What's going on here?
What does this mean?
Tilray’s new bonds will be “convertible” – like normal bonds, but with the added potential to turn into shares in the company (if the stock performs well and reaches a predefined level). Investors like them because they get the benefits of being a loaner of money and an investor – i.e. regular interest payments and (potentially) shares. Convertible bonds are good for companies, too, as they typically get to pay less interest than on regular bonds and other debt. But, for existing shareholders, this isn’t great news – new equity would “dilute” the value of their shares, as each share would be worth less (there’d be more shares but no change in company value).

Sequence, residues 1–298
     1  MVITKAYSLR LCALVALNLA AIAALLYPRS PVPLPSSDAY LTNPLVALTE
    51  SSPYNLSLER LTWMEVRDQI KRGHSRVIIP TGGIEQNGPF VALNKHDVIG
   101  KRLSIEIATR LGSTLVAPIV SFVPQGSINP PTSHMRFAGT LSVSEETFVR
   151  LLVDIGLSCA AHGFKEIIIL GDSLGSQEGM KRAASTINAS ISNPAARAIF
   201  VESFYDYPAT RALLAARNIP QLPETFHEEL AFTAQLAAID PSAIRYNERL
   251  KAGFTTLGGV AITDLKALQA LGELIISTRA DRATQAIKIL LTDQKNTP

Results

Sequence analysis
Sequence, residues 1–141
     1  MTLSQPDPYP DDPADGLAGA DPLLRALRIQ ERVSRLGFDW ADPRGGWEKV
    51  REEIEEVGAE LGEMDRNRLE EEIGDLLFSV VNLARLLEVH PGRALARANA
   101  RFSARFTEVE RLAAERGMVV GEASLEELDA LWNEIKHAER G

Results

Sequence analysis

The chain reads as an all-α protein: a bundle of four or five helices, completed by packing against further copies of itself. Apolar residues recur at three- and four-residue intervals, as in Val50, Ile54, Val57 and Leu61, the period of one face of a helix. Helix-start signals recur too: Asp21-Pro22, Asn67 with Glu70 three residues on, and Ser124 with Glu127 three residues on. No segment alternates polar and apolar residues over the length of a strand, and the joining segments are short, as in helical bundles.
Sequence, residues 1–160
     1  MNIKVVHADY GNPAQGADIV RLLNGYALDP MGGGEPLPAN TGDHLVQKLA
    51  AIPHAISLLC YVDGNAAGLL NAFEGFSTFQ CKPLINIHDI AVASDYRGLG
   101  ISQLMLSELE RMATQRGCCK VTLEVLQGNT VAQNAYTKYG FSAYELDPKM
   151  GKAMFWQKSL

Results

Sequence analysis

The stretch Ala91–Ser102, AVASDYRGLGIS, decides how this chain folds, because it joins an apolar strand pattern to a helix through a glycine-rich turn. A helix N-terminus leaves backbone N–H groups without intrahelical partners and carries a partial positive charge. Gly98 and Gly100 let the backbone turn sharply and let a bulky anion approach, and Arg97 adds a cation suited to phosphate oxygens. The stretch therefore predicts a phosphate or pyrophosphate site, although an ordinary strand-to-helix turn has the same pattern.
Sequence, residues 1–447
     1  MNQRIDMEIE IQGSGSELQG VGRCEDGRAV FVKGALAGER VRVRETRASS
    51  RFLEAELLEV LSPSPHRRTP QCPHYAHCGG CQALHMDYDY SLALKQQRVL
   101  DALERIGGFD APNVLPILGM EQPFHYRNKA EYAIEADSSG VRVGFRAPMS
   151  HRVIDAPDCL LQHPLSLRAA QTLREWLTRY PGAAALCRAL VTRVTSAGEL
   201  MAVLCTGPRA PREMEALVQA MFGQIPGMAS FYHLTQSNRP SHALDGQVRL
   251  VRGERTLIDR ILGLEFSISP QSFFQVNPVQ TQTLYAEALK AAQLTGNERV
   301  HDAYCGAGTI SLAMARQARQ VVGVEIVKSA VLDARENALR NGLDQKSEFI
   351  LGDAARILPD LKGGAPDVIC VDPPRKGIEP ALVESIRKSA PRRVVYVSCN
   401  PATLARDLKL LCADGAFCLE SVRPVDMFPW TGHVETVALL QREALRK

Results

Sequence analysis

Tilray shareholders have had a rough few days, with the company raising more money so soon after “going public” (when it got a bunch of cash) in July (tweet this). Between that and PepsiCo saying no to an investment in the company, its shares got lit and burnt down.
Why should I care?
For markets: Convertible bond buyers beware.
Convertible bonds do give investors lots of benefits – but approach with caution. If the company doesn’t perform as well as hoped (and its stock doesn’t reach that predefined level), there’s the risk that all that cash invested only earns investors interest payments – lower than those of regular bonds – probably not ideal when investing $400 million.
The bigger picture: Weed is expensive.
Tilray isn’t the only cannabis company borrowing money to grow its business. In June, Canopy issued $460 million of convertible debt, and Aurora sold unsecured debt to help its purchase of CanniMed. Unsecured debt is some of the riskiest around for investors as, if the company fails to make repayments, they’re are left in the wind (as opposed to debt secured against the company’s assets, like property or machinery).